We also found both single synapse and multiple synapse links between LIN1 and individual TCs throughout LIN1’s arbor. Sixty percent (160) of LIN1’s TC targets received only one synapse from LIN1 (Figure 3B). However, a substantial number of LIN1’s associations with TCs were much stronger: 32% of the input to TCs were to TCs receiving 4 or more synapses from LIN1. The TCs that received the strongest input from LIN1 were not concentrated in any region of the dLGN arbor. The 8 TCs that received the largest numbers of synapses (13,9,8,8,8,7,7,6) were distributed roughly evenly across the LIN1 arborization field and are therefore likely to be innervated by different types of RGCs representing different regions of visual space (Figure 3E). The wide expanse of this arbor allowed this single LIN to establish strong connections to TCs at nearly opposite ends of the dLGN in both the mediolateral and dorsoventral axis. Thus, this neuron provided inhibition to TCs that have receptive fields dispersed throughout the visual field of the contralateral eye. Because these TCs were also distributed across the depth of the dLGN they included TCs responding to different channels of visual information (Piscopo et al., 2013; Reese, 1988).

Nearly all neurites of LIN1 also received synaptic input and hence had dendrite-like properties: 86.1% of LIN1’s arbor was within 20 μm of an RGC input. These inputs spanned the full depth and width of its arbor and thus the full depth and most of the width of the dLGN itself. This widespread input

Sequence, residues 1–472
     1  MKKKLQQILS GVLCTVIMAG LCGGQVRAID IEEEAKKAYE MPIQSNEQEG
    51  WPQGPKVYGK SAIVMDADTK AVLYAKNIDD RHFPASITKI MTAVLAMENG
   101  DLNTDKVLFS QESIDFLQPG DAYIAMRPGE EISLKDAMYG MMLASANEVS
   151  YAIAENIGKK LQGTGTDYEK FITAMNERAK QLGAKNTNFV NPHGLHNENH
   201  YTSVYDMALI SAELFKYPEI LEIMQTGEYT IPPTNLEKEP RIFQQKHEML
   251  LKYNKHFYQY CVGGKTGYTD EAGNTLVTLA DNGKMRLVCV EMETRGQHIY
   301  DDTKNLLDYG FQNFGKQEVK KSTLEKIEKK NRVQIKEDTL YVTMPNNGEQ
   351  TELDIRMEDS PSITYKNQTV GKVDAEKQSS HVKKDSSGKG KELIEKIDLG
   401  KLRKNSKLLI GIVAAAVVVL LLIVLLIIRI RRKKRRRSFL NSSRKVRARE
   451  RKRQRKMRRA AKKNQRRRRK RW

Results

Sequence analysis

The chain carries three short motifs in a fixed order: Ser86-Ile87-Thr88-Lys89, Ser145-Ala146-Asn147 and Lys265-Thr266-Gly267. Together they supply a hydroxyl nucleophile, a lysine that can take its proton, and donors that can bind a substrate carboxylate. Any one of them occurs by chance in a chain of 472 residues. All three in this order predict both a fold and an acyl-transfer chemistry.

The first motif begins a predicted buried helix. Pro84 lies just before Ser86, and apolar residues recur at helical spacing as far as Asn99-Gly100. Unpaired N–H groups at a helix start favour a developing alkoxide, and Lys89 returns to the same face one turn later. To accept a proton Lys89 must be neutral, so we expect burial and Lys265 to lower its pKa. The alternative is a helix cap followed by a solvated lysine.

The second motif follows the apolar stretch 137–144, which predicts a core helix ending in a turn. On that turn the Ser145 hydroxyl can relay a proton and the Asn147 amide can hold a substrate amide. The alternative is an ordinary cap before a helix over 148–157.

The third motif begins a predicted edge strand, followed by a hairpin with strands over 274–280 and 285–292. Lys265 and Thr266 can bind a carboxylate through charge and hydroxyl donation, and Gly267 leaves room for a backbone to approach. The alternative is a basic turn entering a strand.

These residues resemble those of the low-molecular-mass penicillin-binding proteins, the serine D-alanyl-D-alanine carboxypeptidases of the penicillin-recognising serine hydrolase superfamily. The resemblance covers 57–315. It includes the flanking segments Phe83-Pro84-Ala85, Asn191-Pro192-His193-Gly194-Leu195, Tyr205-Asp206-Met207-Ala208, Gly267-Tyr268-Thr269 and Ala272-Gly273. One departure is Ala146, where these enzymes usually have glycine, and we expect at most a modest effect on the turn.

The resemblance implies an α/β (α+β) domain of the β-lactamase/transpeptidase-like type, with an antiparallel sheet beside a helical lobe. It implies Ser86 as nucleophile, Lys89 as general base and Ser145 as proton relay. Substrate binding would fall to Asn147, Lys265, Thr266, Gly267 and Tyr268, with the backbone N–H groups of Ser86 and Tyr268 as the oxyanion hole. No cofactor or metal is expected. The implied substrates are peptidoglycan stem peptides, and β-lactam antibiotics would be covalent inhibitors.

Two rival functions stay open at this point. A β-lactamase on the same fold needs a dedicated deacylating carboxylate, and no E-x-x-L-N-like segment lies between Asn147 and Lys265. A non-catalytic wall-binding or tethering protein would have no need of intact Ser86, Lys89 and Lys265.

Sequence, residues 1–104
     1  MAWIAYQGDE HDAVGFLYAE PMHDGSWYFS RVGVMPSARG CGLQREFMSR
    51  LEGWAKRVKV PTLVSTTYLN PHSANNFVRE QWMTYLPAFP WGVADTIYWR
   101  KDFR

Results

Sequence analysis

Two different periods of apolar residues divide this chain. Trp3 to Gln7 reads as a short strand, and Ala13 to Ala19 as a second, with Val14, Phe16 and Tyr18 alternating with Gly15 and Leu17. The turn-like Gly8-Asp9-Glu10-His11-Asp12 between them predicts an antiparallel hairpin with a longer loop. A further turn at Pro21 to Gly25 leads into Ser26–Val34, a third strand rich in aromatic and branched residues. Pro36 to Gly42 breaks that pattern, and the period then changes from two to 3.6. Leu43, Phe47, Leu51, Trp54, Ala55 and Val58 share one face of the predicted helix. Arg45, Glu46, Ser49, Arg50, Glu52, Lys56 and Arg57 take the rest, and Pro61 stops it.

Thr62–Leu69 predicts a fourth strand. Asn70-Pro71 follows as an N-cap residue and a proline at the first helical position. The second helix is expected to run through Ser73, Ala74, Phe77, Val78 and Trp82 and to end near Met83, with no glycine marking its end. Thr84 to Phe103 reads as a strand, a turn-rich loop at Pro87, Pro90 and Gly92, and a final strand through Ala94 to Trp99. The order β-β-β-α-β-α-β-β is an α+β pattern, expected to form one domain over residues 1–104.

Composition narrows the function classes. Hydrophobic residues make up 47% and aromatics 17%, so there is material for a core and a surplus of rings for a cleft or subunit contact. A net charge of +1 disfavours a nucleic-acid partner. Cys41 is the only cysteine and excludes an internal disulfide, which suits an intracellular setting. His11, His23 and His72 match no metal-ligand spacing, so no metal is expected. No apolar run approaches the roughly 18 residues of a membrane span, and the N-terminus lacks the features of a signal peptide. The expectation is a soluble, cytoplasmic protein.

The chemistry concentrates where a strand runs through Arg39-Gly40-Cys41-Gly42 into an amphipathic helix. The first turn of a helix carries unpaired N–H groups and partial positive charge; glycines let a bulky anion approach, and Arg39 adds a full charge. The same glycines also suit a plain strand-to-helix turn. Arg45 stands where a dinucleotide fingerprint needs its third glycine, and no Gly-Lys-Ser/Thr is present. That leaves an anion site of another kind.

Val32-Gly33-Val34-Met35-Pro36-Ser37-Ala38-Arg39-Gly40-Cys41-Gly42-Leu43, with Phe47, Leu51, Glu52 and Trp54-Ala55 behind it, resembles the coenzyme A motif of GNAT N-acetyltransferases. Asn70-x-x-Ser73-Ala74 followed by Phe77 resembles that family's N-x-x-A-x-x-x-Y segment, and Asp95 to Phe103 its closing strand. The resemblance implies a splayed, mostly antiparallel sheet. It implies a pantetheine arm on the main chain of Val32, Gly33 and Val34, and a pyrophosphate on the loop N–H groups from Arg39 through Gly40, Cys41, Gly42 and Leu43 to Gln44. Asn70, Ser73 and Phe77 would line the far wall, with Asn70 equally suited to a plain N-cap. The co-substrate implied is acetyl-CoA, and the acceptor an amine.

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distribution is consistent with innervation from RGCs covering much of the visual field and with different receptive field properties.

We identifed one branch of LIN1 that was axon-like in that it was not innervated by RGC axons (Figure 1c). This neurite consisted of several connected branches with a combined length of 366 μm (out of 5999 μm total reconstructed arbor) (Figure 1C). This neurite received one proximal synapse that might have been a cholinergic brainstem input (Erişir et al., 1997) and one LIN input. The lack of RGC innervation on this neurite was not because of spatial inaccessibility. RGC boutons did come into membrane contact with this axon-like neurite and many of these were near LIN1 synapses to TCs. To test the probability of an input-free neurite occurring by chance, we randomized the position of RGC inputs across LIN1’s arbor and counted the number of RGC inputs on the least innervated of 27 axon-sized stretches of neurite. In 10,000 repetitions, we never observed an axon-sized neurite that lacked RGC inputs (average RGC inputs on least innervated neurite = 35.7, 95%CI 29-41, P < 0.001). Ultrastructurally the synapses the axon formed with other LINs and TCs resembled those formed by the targeting neurites elsewhere on LIN1 (Supplementary Figure 2B-D). In terms of output, the axon-like neurite was responsible for only 4% (20 TCs) of LIN1's identified output to TCs, but a slightly larger proportion (17%; 21 LINs) of LIN1’s output to other LINs. The TCs innervated by this neurite appeared to be functionally heterogeneous because some had small glomerular type RGC input and others had large perforated RGC boutons corresponding to different classes of RGCs and TCs (Morgan et al., 2016). Hence the axon-like process did not appear to restrict its innervation to a single channel of visual processing.